GE Workers Protest: We Want To Build Ventilators, Let Us Build Ventilators Mass Protest On Monday, General Electric workers staged a mass protest and walked off the job. Their demands for the company: stop going about business as usual and start mass-producing ventilators for coronavirus patients, according to The Independent. Ventilators are in extremely short supply, especially in cities hit hardest by the pandemic, so the GE workers reasonably posit that the country needs them more than their usual output of jet engines right now. War Effort

Metadesigners Open Network An early prototype of The Lovers' Clock artwork See this set of notes on finding a more synergistic form of temporality : GE workers protest and demand company build ventilators General Electric factory workers protested on Monday in an act of solidarity to demand the company use its factories to produce ventilators for use in the fight against the coronavirus. As the peak of coronavirus infections and deaths is still nearly two weeks away, GE workers have demanded the company convert its jet engine factories to begin producing ventilators. Vice News reported that workers at the company’s Massachusetts aviation facility stood six feet apart and held a silent protest. Union members at the Boston headquarters marched six feet apart and said the company should retrofit its spaces to fight the pandemic.

Celebration of the 40th anniversary of the launching of Limits to Growth in Washington, DC On Thursday March 1st 2012, to celebrate the 40th anniversary of the launching of Limits to Growth, the first report to the Club of Rome, a symposium entitled “Perspectives on Limits to Growth: Challenges to Building a Sustainable Planet” was hosted in Washington, DC by the Club of Rome and the Smithsonian Institution’s Consortium for Understanding and Sustaining a Biodiverse Planet. The joint symposium of Club of Rome and the Smithsonian Institution celebrated the 40th anniversary of the launching of Limits to Growth, the first report of the Club of Rome published in 1972. This book, which sold over ten million copies in various languages, was one of the earliest scholarly works to recognize that the world was fast approaching its sustainable limits.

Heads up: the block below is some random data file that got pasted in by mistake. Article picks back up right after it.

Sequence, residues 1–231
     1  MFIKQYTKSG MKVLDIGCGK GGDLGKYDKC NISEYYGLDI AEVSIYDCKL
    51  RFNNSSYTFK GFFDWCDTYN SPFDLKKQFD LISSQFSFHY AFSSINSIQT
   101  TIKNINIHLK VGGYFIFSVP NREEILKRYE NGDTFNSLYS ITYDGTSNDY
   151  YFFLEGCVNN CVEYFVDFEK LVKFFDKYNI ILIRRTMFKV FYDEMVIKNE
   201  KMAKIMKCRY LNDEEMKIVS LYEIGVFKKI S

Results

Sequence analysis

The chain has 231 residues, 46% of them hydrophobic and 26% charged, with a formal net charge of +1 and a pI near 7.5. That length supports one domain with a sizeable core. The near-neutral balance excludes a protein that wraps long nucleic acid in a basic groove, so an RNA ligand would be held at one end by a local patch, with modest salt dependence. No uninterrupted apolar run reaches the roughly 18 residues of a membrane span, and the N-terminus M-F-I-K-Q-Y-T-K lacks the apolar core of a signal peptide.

Scientists develop AI that can turn brain activity into text Reading minds has just come a step closer to reality: scientists have developed artificial intelligence that can turn brain activity into text. While the system currently works on neural patterns detected while someone is speaking aloud, experts say it could eventually aid communication for patients who are unable to speak or type, such as those with locked in syndrome. “We are not there yet but we think this could be the basis of a speech prosthesis,” said Dr Joseph Makin, co-author of the research from the University of California, San Francisco. Struggling homeowners not your typical landlord: The case for rent forgiveness  In the age of COVID-19, where the unemployment rate is now estimated at 13.5% and many are struggling to pay next month’s rent, the necessity of suspending evictions, providing income supports for low-income households, and having a serious conversation about rent forgiveness couldn’t be clearer. A number of government measures to address the first two issues have been announced, but rent forgiveness has proven to be a more delicate topic—not everyone seems willing to consider the notion that landlords might have to forgive arrears at the end of this crisis. One of the challenges in discussing rent forgiveness is that people think of different things when they hear the term landlord. Are we talking about the widow down the street, on a fixed income, who rents a room to students? A couple with children, living in an expensive city, who lives on one floor of their home and rents the other floors out to pay the mortgage? A family who owns a few condos?